Migration with history

When a life insurance company installs a new policy management system, all its existing policies are usually migrated to this new (target) system. Why, then, do companies often consider how much “history” should be migrated to the new system?

The life cycle of a policy

Every time a life insurance policy is processed, a “policy status” is created. Since life insurance policies are processed in clearly-defined sequences, all the scheduled and unscheduled processing of an individual policy generates a clearly-defined sequence of policy statuses. This is referred to as the “life cycle of a policy.”

If a policy is processed with retroactive effect, then the policy management system retrieves the policy status from a date in the past and the life cycle is recreated from this status. If this “retroactive processing” occurs frequently and draws from statuses that go back several years, then a great deal of history must be made available or the processing would not be feasible.

Standard migration procedure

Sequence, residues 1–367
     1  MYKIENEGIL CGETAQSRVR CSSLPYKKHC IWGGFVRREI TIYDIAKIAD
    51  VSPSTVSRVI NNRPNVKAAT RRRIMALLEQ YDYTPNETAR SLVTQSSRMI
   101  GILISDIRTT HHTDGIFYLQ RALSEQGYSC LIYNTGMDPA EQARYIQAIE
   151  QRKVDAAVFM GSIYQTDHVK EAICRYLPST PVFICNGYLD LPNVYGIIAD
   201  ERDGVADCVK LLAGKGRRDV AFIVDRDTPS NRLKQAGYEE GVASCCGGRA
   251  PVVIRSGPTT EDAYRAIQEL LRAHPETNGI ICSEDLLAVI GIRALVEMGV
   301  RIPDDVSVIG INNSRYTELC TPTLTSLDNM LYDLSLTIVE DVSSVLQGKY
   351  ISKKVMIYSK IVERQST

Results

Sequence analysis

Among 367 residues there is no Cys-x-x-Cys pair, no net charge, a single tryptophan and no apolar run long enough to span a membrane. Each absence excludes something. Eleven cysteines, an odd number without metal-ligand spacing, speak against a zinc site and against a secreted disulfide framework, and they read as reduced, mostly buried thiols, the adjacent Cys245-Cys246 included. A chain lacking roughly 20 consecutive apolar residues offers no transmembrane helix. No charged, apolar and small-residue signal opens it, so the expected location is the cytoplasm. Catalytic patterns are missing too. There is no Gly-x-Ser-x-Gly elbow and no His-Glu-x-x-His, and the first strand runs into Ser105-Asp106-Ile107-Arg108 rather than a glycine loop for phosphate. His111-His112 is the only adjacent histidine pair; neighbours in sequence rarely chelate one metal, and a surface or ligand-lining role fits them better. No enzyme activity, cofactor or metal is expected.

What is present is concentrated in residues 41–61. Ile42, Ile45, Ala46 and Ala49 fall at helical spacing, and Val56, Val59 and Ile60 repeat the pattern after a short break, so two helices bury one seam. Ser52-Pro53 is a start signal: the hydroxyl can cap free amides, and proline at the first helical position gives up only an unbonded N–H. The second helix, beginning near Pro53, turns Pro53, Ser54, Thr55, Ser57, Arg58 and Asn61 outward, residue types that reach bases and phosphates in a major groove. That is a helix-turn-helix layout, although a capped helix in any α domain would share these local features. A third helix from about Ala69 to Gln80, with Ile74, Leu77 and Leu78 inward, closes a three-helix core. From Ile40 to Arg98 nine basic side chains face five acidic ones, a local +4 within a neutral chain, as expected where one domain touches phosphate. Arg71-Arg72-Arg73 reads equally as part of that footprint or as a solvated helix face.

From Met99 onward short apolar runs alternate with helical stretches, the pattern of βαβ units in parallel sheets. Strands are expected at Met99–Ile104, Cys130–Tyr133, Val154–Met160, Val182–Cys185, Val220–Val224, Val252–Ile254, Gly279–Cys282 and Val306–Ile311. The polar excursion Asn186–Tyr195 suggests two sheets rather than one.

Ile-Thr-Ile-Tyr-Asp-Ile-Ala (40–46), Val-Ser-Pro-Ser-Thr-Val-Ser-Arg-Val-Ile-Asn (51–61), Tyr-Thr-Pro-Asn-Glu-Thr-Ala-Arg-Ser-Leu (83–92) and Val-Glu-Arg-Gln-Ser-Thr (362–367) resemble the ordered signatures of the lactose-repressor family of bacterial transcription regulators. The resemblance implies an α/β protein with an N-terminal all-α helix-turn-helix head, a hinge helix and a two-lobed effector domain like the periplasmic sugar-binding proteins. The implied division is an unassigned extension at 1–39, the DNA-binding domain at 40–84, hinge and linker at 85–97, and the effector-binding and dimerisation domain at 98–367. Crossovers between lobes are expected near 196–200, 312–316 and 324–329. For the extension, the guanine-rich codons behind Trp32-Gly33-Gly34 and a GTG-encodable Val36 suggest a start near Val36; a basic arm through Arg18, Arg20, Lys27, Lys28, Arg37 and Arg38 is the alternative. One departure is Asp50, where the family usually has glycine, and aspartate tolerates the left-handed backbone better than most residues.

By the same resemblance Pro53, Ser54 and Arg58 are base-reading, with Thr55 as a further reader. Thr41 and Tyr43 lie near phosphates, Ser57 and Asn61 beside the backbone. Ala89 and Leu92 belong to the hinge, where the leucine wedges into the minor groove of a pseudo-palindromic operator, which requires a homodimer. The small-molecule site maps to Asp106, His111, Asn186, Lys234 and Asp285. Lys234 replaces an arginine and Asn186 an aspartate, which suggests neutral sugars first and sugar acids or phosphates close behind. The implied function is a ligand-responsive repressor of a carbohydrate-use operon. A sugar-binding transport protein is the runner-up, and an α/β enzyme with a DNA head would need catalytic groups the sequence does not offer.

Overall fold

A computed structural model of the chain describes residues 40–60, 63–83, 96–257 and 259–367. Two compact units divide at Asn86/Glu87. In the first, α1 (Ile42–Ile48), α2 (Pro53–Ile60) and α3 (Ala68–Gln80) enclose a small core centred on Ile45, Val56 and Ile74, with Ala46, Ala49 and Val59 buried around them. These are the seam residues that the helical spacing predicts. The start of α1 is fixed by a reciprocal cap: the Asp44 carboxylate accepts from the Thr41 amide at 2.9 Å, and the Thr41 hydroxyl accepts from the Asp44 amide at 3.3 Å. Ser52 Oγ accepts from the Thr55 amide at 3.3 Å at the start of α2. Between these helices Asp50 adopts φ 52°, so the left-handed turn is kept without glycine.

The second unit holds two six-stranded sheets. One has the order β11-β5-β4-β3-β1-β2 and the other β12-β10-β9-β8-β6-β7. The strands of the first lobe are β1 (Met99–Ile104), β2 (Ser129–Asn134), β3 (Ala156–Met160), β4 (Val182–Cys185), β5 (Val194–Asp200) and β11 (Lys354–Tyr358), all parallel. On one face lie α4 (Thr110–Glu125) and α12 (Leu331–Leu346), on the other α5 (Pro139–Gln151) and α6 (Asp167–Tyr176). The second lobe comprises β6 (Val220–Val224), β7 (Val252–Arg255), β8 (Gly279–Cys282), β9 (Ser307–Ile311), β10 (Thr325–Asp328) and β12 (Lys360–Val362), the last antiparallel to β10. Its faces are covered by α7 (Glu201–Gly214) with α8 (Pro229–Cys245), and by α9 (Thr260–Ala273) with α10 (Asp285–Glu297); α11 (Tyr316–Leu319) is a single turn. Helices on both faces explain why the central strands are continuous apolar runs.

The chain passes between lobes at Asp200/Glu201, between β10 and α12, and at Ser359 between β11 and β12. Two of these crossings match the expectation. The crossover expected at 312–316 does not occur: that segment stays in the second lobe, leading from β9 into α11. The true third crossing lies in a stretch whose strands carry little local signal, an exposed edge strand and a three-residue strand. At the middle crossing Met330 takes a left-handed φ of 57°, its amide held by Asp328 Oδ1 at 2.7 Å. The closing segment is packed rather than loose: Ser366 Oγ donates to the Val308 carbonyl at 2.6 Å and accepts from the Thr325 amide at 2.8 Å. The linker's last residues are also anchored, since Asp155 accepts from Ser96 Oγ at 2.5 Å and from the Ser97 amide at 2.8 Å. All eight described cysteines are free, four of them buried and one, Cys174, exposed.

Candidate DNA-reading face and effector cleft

The migration itself is also part of the processing (transfer of policies). If the effective date of the policy lies in the past, then the life cycle of the policy must be recreated in the target management system. However, a problem often arises here: while the scheduled processing of a policy (in particular, the recording of excess benefits) is defined by business plans and other legal and regulatory specifications (and therefore mapped in the same way in the target system), the same cannot always be said for the various unscheduled processing elements. In fact, the functional limitations and inability of unscheduled processing elements to be used in the future are often some of the reasons why companies decide to opt for a new system. It is unreasonable to expect statuses to be reproduced only to fully recreate the life cycle of policies in the target system. As a rule, therefore, the retroactive effect is never set before the latest technical modification to a policy, and rarely before the expiration date of the latter, such that the history reaches back no more than 12 months from the date of the migration.